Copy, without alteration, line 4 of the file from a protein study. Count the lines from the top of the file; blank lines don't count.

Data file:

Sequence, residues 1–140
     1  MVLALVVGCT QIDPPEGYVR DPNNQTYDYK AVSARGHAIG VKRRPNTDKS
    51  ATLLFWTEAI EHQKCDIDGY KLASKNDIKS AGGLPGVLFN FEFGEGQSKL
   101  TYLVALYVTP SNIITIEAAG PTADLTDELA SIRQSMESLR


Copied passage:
   101  TYLVALYVTP SNIITIEAAG PTADLTDELA SIRQSMESLR